Picking up the CRV was a bit bothersome, I suppose, because the dealership had limited color selection in the model I could afford. Remember, this was before the ugly economy came crashing down around all our heads. People were buying cars, especially brands like Honda, so I knew that getting the color I wanted was going to be hit-and-miss.
I waited at the dealership three hours or so after signing the paperwork, because a dealership employee had to drive to Sacramento to trade a CRV with one at a dealership there for one that was the proper color, sort of a metallic blue. The wait was worth it to get my first ever “new” vehicle. Each of my previous rides had been used vehicles.
On the good side, the dealership took care of returning my rental car, which was nice of them. And the deal was and is pretty good.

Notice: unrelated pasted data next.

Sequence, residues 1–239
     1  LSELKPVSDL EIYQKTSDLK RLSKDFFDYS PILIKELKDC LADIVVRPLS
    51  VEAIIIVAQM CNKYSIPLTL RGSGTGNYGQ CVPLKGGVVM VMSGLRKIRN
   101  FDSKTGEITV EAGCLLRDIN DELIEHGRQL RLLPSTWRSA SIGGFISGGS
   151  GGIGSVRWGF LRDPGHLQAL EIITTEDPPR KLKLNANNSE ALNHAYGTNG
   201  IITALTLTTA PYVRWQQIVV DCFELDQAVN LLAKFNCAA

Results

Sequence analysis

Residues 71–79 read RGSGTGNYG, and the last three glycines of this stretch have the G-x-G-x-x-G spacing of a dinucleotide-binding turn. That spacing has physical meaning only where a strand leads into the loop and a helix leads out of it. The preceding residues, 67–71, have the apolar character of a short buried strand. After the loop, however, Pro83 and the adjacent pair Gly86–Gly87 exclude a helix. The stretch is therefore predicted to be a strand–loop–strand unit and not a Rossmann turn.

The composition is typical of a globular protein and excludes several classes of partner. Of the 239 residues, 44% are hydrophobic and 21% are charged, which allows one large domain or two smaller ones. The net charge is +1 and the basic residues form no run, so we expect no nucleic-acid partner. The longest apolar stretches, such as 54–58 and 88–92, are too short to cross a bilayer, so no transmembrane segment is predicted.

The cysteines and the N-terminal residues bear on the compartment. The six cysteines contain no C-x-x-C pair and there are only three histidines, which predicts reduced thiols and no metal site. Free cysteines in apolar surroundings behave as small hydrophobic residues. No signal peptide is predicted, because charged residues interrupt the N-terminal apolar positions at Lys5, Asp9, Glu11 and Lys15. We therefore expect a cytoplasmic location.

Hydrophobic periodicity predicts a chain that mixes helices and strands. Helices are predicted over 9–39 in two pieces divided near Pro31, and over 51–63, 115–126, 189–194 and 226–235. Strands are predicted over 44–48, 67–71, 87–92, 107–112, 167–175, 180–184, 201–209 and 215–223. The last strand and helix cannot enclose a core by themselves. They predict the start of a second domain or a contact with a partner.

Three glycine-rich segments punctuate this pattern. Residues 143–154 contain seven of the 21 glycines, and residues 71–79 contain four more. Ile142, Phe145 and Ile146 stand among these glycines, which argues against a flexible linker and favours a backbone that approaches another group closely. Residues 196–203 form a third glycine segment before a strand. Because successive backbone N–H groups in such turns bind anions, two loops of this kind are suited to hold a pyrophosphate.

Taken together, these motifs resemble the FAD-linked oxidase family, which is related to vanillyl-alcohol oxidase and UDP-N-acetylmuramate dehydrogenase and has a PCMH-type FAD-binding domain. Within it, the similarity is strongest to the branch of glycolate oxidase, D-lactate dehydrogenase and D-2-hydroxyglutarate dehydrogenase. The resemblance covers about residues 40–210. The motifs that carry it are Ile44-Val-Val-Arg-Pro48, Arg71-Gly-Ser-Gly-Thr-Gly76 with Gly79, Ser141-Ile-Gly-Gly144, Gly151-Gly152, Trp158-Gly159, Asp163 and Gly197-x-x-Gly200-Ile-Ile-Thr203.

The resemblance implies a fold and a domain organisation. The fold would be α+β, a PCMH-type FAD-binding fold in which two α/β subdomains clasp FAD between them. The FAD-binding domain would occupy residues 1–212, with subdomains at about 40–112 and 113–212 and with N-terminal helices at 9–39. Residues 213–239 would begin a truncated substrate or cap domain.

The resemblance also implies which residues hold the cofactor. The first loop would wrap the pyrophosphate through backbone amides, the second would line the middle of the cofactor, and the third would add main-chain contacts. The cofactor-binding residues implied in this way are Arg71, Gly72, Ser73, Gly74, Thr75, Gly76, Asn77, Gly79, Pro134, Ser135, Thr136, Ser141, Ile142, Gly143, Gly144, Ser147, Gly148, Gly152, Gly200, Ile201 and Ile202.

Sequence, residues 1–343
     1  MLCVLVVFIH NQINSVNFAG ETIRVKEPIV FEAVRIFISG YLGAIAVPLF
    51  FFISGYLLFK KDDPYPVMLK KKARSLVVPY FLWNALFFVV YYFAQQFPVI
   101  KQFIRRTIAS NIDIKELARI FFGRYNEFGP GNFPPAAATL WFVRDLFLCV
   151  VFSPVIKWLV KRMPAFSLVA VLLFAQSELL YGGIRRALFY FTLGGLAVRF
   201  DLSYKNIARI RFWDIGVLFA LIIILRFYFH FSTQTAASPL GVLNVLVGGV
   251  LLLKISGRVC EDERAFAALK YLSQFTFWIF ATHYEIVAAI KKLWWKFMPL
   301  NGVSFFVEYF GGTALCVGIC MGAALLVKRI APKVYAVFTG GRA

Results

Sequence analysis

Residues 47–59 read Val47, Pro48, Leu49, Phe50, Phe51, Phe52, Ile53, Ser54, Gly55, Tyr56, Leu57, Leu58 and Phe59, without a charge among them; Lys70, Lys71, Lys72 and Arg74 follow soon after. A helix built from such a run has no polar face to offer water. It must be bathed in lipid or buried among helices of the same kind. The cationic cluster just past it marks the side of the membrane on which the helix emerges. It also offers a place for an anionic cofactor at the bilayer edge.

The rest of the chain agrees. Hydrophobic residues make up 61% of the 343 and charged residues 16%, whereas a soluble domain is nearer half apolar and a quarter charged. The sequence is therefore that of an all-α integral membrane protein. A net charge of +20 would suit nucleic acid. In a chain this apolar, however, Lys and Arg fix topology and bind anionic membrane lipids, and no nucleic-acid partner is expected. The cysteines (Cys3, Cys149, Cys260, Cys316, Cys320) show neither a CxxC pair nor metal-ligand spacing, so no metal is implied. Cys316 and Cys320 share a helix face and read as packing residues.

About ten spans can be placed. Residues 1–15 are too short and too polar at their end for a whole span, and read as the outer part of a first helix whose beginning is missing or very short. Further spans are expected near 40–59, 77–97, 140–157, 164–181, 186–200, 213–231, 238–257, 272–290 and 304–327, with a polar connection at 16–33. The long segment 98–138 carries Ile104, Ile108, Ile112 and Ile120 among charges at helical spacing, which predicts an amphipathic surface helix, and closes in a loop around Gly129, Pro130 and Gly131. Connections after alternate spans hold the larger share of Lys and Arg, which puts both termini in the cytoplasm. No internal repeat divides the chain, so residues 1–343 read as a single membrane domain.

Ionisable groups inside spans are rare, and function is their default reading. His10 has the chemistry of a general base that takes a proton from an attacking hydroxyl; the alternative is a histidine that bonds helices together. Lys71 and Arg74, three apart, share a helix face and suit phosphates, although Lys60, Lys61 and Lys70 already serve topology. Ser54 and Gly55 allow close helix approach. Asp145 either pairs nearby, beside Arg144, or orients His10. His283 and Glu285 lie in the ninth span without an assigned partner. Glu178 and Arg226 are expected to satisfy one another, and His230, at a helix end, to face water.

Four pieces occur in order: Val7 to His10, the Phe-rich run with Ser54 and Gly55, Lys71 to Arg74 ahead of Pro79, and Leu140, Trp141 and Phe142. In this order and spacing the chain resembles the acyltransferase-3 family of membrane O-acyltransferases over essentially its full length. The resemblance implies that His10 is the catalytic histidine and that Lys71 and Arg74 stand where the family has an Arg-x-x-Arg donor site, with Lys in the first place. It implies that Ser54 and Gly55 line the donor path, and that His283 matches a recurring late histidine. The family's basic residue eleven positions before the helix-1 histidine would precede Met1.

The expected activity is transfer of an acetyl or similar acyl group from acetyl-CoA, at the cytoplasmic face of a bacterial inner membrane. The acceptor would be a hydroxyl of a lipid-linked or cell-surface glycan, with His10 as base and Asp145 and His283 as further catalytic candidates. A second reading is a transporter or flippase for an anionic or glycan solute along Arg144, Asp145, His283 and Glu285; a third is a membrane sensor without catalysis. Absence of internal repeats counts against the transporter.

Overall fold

After finally getting the CRV, I drove it to my friend’s home in central Vacaville so she and her husband could give it a lookover. They liked it enough to offer me dinner. Well, they probably would have offered me dinner even if they hadn’t liked it.
I believe it was the following day that I first drove it to work and parked under the Crosstown Freeway parking structure across the street from The Record building. I was a touch nervous leaving it out there since The Record is not in the best neighborhood, but it was going to be daylight soon enough and the guard shack for The Record was just across the street.